How to be a film director in the 21st century

The rise of the internet, the spread of social media and the power of big data have all brought a new era of filmmaking, according to a new report from The Motion Picture Association of America.

The report, titled The Future of the Film Director, says it’s the age of “content creators” who are producing and distributing movies in ways that are now impossible for film studios to replicate, and the next generation of directors will be responsible for helping create the next great art form.

“In an age of social, data-driven and rapidly changing filmmaking, the new wave of filmmakers is a threat to Hollywood’s dominance,” said Michael P. Cohen, executive director of the Motion Picture Assn., in a statement.

“The new generation of filmmakers are more diverse, more experienced, and more creative than ever before.

They have the potential to create and bring out the best in the best of us.”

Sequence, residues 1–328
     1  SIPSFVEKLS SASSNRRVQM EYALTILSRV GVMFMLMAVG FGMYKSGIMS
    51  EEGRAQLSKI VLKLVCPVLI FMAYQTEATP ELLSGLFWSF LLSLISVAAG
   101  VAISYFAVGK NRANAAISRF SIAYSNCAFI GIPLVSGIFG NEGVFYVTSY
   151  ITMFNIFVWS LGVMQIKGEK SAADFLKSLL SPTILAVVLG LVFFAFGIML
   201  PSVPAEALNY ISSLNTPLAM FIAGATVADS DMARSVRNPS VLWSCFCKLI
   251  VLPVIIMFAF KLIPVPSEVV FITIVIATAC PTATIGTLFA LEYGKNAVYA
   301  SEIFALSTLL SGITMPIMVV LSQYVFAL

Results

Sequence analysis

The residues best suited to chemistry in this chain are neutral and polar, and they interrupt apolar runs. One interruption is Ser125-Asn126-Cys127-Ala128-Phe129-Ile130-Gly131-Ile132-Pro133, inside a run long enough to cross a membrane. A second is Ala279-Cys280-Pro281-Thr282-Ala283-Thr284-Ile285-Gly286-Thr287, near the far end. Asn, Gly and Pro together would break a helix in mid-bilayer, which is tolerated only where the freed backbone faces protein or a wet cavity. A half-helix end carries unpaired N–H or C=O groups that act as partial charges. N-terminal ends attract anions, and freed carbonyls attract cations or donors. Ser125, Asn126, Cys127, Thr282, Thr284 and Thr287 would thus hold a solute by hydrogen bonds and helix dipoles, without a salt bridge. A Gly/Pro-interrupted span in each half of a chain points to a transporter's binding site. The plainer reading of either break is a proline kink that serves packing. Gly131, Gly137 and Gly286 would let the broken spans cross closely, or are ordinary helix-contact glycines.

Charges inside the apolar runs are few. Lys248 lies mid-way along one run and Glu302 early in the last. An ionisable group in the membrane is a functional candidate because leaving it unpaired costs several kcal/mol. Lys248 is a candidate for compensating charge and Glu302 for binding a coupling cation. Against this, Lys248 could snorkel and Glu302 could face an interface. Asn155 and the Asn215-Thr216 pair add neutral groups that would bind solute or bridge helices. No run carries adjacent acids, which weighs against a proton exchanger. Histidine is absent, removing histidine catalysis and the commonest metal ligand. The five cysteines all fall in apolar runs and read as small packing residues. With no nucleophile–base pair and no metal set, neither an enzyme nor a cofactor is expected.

Cohen went on to say that the movie industry has been “slowly but surely becoming a digital powerhouse,” as audiences demand more information and creativity in movies.

That’s led to “digital-first” movies like The Amazing Spider-Man 2, which took the studio’s first $1 billion to make.

The next installment in the franchise, The Amazing World of Gumball, will hit theaters in 2019.

The Future of Film Directors also looks at how Hollywood’s film distribution model will evolve as more of its films are digitally released on home video.

The report said that while studios are already creating a “digital theater experience,” they’re also trying to get digital movies onto the big screen.

For example, Warner Bros. announced a $50 million program to stream films digitally in 2019, while Universal will stream movies digitally in 2020.

And for the first time, studios will be able to put the content on their home video platforms directly, rather than being forced to pay for the digital version.

“The next wave of filmmaking is going to be fueled by a new generation, a new wave that is going after the audience,” said Amy Pascal, president and CEO of Disney/Pixar, in a press release.

“This generation is going for the pure storytelling and pure creativity, not just a movie theater experience.”